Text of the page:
Keywords: Para-pheromone, Mixed lure, Plant essential oils, Rubber foam, Attract and kill, Tephritid fruit fly

Molecular diversity and phylogenetic reconstruction of Pepper mild mottle virus isolates from Pakistan

Adnan Ahmad1*, Muhammad Naveed Aslam1, Fasiha Qurashi2, Waqas Ashraf1, Muhammad Raheel1Qaiser Shakeel1, Ambreen Maqsood1, Kamran Saleem3

1 Department of Plant Pathology, Faculty of Agriculture and Environmental Sciences, The Islamia University of Bahawalpur, Pakistan

2 Department of Forestry, Range and Wild Life Managements, University College of Agriculture and Environmental Sciences, The Islamia University of Bahawalpur

3 Plant Protection Division, NIAB, Faisalabad, Pakistan


 Pepper mild mottle virus is a lethal tobamovirus infecting capsicum around the globe. Molecular diversity of capsid protein gene (CP) of Pakistani Pepper mild mottle virus isolates was investigated. From symptomatic pepper leaves collected from farmer’s fields, the CP gene of PMMoV RNA was amplified by specific primers designed in this study. The nucleotides sequences of Pakistani PMMoV isolates were 98.2% to 99.3% similar to each other and 97.2% to 99.3% with other isolates. Highest identities were observed with Indian (NC-3) and Chines (C27084) isolates. In phylogenetic reconstruction, Pakistani isolates grouped with Turkish and South Korean isolates. Few single nucleotide polymorphism were detected in Pakistani isolates and no insertions or deletions were observed. There was 0.0020 to 0.0063 evolutionary distance among Pakistani isolates and 0.0021 to 0.018 between Pakistani and world isolates (highest with Indian and German, and lowest with Spanish, Chines and Brazilian isolates). A frequent gene flow (Fst = 0.07103 i.e. <0.33) was observed between Pakistani and world isolates. In investigation of genetic differentiation, the figures of permutation-based statistical tests viz; Z (296.07432), Snn (0.083571) and Ks* (1.36036) were significant. In statistical analysis the values of Fu & Li’s D* and F* and Tajima’s D, were negative, exhibiting the low polymorphism frequency in studied populations.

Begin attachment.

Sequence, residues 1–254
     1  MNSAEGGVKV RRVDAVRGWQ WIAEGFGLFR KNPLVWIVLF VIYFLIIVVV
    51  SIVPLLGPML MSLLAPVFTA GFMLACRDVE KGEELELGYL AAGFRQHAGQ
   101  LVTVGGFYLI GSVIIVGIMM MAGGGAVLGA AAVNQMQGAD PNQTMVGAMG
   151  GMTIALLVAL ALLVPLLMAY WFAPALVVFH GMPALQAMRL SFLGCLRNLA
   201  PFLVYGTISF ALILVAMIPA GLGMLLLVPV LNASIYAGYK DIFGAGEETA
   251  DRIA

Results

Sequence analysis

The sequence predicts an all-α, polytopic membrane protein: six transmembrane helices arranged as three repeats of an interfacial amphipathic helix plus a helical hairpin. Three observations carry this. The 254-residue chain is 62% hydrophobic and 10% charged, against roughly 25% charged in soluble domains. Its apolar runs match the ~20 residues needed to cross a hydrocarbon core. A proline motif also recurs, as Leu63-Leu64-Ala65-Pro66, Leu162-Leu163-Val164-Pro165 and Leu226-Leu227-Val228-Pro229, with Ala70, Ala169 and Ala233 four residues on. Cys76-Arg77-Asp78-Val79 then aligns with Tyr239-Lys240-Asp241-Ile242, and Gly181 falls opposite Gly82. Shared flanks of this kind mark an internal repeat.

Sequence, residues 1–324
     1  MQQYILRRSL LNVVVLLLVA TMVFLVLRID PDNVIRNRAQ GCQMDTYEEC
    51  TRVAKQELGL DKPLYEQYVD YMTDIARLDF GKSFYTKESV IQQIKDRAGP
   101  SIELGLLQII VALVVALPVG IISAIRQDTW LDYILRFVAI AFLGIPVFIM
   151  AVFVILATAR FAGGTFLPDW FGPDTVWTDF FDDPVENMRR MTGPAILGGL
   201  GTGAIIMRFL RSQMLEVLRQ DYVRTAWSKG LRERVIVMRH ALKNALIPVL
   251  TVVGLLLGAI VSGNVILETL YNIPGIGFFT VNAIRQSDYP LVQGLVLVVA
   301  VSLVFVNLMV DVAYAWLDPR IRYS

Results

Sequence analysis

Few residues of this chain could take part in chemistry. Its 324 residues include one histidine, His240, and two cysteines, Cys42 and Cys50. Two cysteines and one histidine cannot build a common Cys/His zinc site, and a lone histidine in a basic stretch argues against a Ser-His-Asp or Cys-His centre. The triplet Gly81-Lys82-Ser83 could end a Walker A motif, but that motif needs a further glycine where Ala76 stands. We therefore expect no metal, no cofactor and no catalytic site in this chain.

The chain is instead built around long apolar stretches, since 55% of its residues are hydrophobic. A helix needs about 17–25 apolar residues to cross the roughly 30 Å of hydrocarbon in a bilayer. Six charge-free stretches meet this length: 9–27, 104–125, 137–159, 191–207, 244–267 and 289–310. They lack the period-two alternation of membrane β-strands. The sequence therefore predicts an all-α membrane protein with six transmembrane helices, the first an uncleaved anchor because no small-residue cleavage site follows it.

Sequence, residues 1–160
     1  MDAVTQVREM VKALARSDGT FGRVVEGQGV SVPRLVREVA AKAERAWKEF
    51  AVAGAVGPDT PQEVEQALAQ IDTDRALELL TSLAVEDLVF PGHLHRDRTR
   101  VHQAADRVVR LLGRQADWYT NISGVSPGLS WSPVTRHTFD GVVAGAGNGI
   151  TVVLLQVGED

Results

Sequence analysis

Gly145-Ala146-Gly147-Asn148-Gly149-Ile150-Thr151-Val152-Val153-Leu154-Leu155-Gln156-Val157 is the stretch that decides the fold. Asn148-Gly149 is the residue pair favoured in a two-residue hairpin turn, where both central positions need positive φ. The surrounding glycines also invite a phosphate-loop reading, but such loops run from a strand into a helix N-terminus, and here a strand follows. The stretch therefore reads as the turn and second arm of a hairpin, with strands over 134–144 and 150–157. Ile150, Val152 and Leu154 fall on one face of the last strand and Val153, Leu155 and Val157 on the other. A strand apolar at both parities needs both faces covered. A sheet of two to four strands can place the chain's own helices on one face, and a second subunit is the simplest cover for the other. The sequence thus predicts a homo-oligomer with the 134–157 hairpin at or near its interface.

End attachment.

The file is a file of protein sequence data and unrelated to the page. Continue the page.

Keywords: Tobamoviruses, Pepper mild mottle virus, Molecular diversity, CP gene

Assessment of Drought Tolerance in various Cotton Genotypes under Simulated Osmotic settings

Muhammad Riaz Gondal1*, Muhammad Yasir Saleem2, Sultan Ahmad Rizvi1, Aaqib Riaz3, Waqas Naseem1, Ghulam Muhammad1, 4Sikandar Hayat, 5Mazher Iqbal

 1Soil and Water Conservation Research Institute, Chakwal, Pakistan

2University of Agriculture Faisalabad, Pakistan

3Hussain Park Military Farm Road, Sargodha, Pakistan

4Fodder Research Institute, Sargodha, Pakistan

5Barani Agricultural Research Institute, Chakwal, Pakistan